Moore Township officials must go back to the drawing board to draft a new wind turbine ordinance after their original draft was voted down during the Nov. 3 election.
The ordinance was rejected by 246 votes to 181.
At the beginning of 2015, Invenergy, a company based out of Chicago, announced plans to build wind turbines on 25,000 acres of private property in Moore, Argyle, Lamotte, and Wheatland townships.
The Moore Township Board of Trustees passed an ordinance in May that detailed zoning rules for the developers.
The ordinance stated that turbines, or affiliated equipment, have to be set back 1,320 feet, or about a quarter mile, from houses; and turbines have to be one-and-a-half time the height of the turbine away from any road, power line or non-participating piece of property, which is about 700 feet.
A petition was submitted in June asking for a referendum on the ordinance.
Sanilac County already has two wind farms with more than 70 wind turbines between them in Delaware, Marion and Minden townships. Exelon Corporation and DTE Energy each own one.
“Since it was voted down it means we have no ordinance at this time,” said Moore Township Supervisor Greg Dorman. “We have to come up with a new ordinance now so it will go back to the planning commission and they will put together a suggestion.”
Dorman said there is no timeline set for when the new ordinance will be drafted. Dorman said discussions will begin at the planning commission’s Nov. 18 meeting.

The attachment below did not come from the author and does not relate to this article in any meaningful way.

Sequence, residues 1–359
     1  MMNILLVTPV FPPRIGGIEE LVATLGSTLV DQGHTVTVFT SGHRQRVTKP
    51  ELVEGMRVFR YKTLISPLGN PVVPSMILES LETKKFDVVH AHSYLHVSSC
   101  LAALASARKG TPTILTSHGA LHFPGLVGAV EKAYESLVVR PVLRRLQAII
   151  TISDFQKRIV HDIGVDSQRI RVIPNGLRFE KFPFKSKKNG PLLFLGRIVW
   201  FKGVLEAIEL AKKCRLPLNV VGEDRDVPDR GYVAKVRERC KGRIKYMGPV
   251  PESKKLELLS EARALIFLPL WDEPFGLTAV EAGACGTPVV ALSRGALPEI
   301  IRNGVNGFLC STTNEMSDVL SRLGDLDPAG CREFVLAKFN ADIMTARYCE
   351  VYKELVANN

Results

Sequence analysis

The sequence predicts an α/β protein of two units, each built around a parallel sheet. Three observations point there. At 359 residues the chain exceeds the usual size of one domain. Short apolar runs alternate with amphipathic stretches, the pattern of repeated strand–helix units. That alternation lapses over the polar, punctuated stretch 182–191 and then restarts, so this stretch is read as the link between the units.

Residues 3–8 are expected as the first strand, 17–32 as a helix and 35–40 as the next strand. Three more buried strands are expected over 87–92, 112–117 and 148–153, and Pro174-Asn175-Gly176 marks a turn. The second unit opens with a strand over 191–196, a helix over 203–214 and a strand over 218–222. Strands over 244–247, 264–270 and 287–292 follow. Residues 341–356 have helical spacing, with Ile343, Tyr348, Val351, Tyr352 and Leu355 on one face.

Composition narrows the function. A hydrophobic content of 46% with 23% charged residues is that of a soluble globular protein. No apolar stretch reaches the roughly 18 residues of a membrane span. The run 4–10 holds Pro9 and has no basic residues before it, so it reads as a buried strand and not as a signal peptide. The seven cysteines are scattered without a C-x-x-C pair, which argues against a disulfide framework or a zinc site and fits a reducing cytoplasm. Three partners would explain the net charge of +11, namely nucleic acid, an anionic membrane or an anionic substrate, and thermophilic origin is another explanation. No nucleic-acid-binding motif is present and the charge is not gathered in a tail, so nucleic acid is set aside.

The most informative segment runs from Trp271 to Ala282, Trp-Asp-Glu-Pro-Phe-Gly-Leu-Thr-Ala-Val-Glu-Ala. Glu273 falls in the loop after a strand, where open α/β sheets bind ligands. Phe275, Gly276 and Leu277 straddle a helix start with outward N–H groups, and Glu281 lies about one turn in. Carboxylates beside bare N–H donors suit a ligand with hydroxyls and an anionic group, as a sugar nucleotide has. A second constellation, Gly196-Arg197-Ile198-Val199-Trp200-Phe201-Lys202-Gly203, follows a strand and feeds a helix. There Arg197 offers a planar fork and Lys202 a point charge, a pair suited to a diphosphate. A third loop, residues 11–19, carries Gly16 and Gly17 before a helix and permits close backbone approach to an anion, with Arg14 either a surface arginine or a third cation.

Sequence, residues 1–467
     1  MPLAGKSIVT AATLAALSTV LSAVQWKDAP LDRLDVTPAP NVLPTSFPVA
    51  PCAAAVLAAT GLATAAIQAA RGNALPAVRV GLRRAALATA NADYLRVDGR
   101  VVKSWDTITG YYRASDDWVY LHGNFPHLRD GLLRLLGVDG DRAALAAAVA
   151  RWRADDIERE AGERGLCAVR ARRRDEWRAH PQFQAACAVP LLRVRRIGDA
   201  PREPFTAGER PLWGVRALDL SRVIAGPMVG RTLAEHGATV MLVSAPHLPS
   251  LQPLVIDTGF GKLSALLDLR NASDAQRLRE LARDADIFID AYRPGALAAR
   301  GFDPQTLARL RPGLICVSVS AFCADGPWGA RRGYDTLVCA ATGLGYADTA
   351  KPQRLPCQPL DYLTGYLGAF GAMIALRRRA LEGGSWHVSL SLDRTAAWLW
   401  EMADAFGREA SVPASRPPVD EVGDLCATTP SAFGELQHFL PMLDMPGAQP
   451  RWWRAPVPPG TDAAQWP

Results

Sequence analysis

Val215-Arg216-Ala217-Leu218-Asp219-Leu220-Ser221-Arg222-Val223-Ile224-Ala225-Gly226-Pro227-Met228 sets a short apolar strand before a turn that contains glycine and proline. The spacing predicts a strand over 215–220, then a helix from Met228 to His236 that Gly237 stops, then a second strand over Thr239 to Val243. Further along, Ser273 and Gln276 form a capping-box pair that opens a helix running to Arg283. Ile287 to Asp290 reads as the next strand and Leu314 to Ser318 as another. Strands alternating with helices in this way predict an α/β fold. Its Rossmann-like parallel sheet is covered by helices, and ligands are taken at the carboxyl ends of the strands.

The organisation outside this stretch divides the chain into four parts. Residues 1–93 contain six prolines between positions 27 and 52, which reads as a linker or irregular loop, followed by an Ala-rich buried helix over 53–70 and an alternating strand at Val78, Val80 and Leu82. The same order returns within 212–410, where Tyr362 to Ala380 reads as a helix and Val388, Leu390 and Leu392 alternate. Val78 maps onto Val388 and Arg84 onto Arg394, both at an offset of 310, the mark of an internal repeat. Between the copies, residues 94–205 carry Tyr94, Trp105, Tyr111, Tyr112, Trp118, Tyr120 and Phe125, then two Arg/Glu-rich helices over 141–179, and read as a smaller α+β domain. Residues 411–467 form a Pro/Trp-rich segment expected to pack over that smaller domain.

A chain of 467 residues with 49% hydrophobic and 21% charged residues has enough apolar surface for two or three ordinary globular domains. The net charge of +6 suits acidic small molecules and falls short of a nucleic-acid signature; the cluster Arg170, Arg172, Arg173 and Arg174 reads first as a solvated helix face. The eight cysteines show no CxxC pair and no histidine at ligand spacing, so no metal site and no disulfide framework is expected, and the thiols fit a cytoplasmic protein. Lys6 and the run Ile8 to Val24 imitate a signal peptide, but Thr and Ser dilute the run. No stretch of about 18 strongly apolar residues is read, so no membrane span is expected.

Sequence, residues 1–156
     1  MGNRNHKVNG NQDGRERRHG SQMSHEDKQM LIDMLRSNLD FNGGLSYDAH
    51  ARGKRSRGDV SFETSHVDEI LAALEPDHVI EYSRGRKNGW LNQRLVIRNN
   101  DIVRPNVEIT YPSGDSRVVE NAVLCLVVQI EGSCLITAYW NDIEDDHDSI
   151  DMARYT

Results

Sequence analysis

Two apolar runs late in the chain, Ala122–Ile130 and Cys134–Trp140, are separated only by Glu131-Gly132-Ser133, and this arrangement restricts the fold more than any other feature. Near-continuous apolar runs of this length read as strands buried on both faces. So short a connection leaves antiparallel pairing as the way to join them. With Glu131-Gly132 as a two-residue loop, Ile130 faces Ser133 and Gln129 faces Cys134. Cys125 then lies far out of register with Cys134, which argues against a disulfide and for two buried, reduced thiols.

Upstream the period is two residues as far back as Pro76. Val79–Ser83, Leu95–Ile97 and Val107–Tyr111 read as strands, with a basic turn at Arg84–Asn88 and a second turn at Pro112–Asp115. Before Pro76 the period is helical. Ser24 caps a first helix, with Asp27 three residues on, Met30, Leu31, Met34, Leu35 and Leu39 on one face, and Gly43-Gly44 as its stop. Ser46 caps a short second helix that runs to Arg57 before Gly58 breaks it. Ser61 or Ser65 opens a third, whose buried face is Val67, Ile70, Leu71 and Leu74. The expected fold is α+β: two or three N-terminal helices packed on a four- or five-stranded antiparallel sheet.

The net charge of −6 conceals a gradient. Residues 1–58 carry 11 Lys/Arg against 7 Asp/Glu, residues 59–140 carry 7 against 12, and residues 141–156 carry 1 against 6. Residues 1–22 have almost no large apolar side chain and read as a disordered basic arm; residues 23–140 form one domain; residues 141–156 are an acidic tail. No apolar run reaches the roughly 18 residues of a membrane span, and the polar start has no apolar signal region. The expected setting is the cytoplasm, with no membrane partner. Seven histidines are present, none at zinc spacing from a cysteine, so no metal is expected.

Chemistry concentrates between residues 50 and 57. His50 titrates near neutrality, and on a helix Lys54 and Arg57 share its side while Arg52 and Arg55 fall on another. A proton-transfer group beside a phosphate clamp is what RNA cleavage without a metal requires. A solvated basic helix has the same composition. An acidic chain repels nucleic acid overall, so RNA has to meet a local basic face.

Dorman said he does not believe the referendum will stop wind turbine development.
“The people who voted against it said they weren’t against windmills, they were just against the distance for setbacks,” Dorman said. “We will have to see what the planning commission comes up with in the new ordinance.”
Invenergy wants shorter setbacks, which would allow it to place more turbines, Dorman said. Residents want the turbines to be built as far from homes as possible.
“There is the possibility that the company can bring a suit against the city if they feel the ordinance is too restrictive,” Dorman said.
In Argyle Township, Zoning Administrator Laura Bopra, expects residents to similarly petition against their ordinance.
The Argyle Township wind turbine ordinance details that turbines must be built 1,320 feet from inhabited structures, however the owner of the dwelling may permit a lesser setback. And turbines must be set back no less than 500 feet from non-participating property lines.
“I know a few residents have gone to the township clerk with their petitions,” Bopra said. “But I don’t yet know the reason they are petitioning.”
Wheatland Township Clerk Tina Terbrack said the township will put its complete ordinance on an upcoming ballot for residents to vote on. Terbrack said she does not yet know which election the vote will happen.
Wind turbine development plans are at a standstill until ordinances are in place. Invenergy has previously stated that the project will produce 10 permanent operating jobs and 100 construction jobs.
Invenergy and Lamotte Township officials could not be reached for comments.
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